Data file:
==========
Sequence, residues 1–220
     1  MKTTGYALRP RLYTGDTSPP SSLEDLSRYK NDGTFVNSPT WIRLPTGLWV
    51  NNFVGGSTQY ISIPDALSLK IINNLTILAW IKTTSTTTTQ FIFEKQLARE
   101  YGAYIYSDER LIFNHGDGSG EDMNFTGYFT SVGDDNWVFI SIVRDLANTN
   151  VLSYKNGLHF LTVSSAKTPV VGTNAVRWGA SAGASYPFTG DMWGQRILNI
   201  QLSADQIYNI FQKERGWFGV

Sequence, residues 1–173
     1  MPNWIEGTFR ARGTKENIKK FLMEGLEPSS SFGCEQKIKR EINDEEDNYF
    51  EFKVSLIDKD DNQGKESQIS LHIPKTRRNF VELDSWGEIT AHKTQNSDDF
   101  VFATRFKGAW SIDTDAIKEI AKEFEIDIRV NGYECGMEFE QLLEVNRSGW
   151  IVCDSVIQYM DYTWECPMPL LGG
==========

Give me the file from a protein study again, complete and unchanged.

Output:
Sequence, residues 1–220
     1  MKTTGYALRP RLYTGDTSPP SSLEDLSRYK NDGTFVNSPT WIRLPTGLWV
    51  NNFVGGSTQY ISIPDALSLK IINNLTILAW IKTTSTTTTQ FIFEKQLARE
   101  YGAYIYSDER LIFNHGDGSG EDMNFTGYFT SVGDDNWVFI SIVRDLANTN
   151  VLSYKNGLHF LTVSSAKTPV VGTNAVRWGA SAGASYPFTG DMWGQRILNI
   201  QLSADQIYNI FQKERGWFGV

Sequence, residues 1–173
     1  MPNWIEGTFR ARGTKENIKK FLMEGLEPSS SFGCEQKIKR EINDEEDNYF
    51  EFKVSLIDKD DNQGKESQIS LHIPKTRRNF VELDSWGEIT AHKTQNSDDF
   101  VFATRFKGAW SIDTDAIKEI AKEFEIDIRV NGYECGMEFE QLLEVNRSGW
   151  IVCDSVIQYM DYTWECPMPL LGG